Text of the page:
Before the pinchos we had a pint in The Lion Tavern on Moorfields and then two pints in the very fine Ship & Mitre.

After the pinchos we crossed Berry Street and headed for The Grapes. We lost count of the pints in there but there was good music and dancing with strangers until we staggered out into the night and into a taxi and then back home to bed far too late.

It is probably a good thing there no photos of the dancing.

 

Black pudding croquettes at Roja Pinchos

I have a new favourite food. Black pudding croquettes. A walnut sized piece of black pudding wrapped around some cheese and rolled in breadcrumbs and then deep fried.

As they arrive at the table they are almost too hot too handle and then when you bite into them…..the black pudding is as hot as just cooled magma and has a good earthy taste and then there is a scalding burst of cheese.

We ate them yesterday evening in Roja Pinchos on Berry Street, Liverpool. Our second time there in a week. We were with children last night so didn’t have the opportunity to start the evening off with a couple of pints.

Pinchos are a kind of finger food from Northern Spain. They are smaller than a tapas and each one is really no more than a mouthful or two and they are very good.

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We sat ourselves down near the bar. This was a good thing in some ways as all the cold food is stacked there so there was no need to get up to help yourself to more, in fact we could pick the food off the plates and onto our table without having to lift ourselves off our seats. This did mean that we ate more than we ought to and it did start to add up.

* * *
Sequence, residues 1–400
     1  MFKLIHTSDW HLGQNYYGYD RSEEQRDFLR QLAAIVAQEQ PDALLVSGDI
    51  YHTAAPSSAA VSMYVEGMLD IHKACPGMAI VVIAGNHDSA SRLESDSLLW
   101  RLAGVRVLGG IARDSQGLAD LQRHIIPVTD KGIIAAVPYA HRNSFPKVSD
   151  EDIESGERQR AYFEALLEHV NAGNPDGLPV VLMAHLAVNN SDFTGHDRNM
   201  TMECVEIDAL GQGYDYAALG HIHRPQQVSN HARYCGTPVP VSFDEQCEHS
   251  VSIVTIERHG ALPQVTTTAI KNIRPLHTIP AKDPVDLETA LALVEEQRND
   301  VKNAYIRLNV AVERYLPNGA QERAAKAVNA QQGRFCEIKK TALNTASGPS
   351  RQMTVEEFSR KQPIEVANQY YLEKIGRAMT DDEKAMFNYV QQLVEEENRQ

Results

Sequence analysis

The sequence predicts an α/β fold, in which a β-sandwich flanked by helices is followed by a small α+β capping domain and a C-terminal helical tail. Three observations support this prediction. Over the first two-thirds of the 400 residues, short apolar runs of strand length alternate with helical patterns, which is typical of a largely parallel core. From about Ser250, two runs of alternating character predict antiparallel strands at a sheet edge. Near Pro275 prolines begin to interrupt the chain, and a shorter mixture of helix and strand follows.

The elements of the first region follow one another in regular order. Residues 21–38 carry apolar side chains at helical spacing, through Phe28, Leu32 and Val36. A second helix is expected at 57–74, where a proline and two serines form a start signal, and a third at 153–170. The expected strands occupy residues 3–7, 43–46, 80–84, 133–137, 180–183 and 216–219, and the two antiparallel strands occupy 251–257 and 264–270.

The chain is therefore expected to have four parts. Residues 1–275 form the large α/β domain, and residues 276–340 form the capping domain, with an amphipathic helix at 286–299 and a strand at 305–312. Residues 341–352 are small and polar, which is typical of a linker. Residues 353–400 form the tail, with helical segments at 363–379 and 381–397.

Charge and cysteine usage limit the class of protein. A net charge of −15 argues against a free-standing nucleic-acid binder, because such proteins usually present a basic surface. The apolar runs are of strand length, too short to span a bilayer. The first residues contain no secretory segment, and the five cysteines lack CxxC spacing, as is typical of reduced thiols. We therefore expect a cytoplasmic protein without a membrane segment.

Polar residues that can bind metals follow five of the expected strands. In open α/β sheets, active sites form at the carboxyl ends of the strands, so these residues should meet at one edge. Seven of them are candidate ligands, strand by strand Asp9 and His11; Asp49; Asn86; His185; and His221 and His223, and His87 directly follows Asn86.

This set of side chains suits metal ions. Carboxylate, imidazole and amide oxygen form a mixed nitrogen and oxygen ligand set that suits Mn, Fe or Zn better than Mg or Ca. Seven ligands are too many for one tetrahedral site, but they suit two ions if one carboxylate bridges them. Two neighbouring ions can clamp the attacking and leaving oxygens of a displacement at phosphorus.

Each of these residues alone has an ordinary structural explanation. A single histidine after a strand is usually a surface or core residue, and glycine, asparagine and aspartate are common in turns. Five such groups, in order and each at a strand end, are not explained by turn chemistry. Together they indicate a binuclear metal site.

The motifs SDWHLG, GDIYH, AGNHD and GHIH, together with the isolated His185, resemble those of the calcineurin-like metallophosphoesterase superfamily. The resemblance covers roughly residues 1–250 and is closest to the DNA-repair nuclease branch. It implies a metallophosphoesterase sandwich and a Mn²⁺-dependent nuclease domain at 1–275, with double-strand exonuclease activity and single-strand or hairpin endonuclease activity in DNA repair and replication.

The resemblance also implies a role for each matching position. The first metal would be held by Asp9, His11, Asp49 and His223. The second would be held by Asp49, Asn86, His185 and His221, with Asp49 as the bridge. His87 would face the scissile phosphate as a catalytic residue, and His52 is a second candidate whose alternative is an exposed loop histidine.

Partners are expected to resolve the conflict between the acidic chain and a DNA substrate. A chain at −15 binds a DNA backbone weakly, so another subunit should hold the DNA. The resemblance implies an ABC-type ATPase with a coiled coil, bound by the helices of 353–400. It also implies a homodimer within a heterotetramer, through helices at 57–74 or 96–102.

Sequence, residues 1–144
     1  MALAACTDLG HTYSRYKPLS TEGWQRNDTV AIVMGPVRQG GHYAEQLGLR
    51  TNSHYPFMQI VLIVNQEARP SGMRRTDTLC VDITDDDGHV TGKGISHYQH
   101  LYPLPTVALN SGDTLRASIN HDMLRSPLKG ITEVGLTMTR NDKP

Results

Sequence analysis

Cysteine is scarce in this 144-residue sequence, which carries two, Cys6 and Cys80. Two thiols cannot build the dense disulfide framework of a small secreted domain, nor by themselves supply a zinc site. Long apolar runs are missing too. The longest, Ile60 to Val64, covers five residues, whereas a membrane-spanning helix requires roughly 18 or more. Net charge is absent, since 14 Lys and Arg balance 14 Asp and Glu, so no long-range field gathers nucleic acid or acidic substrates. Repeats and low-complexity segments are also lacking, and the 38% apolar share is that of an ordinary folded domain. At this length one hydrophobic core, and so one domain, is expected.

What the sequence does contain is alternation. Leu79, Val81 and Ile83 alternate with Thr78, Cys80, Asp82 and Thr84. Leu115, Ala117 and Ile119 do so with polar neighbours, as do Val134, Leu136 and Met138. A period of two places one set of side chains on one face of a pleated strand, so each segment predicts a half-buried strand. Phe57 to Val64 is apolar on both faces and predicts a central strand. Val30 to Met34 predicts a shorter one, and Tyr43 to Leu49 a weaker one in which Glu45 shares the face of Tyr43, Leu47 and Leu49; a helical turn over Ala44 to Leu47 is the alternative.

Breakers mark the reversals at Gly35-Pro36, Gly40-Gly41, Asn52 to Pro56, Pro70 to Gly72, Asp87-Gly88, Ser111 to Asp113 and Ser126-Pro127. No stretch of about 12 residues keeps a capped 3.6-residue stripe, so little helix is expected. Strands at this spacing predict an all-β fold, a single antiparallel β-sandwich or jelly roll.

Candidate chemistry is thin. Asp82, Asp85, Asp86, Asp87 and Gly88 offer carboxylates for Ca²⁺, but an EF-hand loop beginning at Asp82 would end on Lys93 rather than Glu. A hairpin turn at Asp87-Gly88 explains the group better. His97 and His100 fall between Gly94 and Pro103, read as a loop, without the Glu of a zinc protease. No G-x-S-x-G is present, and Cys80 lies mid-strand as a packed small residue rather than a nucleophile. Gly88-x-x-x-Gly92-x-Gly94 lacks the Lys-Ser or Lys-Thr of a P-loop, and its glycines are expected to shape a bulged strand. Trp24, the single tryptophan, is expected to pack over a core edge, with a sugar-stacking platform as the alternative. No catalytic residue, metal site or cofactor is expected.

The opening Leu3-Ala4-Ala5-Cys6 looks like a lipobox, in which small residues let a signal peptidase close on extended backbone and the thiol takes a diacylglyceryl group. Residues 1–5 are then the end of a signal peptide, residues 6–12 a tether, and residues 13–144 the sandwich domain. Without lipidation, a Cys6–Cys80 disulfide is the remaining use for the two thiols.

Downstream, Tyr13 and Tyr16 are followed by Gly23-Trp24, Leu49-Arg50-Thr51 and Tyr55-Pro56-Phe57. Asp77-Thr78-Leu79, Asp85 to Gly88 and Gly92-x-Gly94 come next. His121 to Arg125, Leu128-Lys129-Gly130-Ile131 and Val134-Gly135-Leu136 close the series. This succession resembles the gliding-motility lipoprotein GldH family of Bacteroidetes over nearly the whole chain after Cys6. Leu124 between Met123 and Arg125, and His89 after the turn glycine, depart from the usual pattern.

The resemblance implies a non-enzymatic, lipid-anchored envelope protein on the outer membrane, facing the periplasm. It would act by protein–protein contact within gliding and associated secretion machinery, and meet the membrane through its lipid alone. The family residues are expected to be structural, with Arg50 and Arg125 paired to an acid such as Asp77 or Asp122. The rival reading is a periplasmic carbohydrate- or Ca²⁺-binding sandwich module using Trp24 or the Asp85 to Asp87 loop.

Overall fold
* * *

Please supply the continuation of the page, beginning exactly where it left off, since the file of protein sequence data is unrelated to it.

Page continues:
There is no menu. The cold food is on the bar and you can use your eyes to see what it is or ask one of the men in a red t-shirt if you are not sure. Each piece of food is pierced with a large cocktail stick. The sticks come in two sizes; small costs £1.50 and large £3.00. So you can see the danger of being sat within easy reaching distances of the good food on the bar.

The hot food was a list of good sounding food reeled off by one of the men in a red t-shirt. This was the first night they had been doing the black pudding croquettes.

So we had:-

– from the cold bar – ham wrapped around a stick held together with a small red pepper stuffed with cheese, tortilla, figs wrapped in ham, chicken salad, smoked salmon with potato salad, roasted red pepper stuffed with potato mayonnaise on a piece of bread and goats cheese encrusted either with pistachio or black seed.

– for the hot food we had – creamed mushrooms on toast with a perfectly formed fried quails egg, pork loin deep fried with cheese, mackerel and sea bass on toast and prawns and of course potatas bravas.

We ate the lot drinking the house white and pints of Estrella trying to lose count of the sticks as they gathered in a pile on the table.

We will be back to eat more of the black pudding croquettes hopefully sneaking the same  seats up near the bar.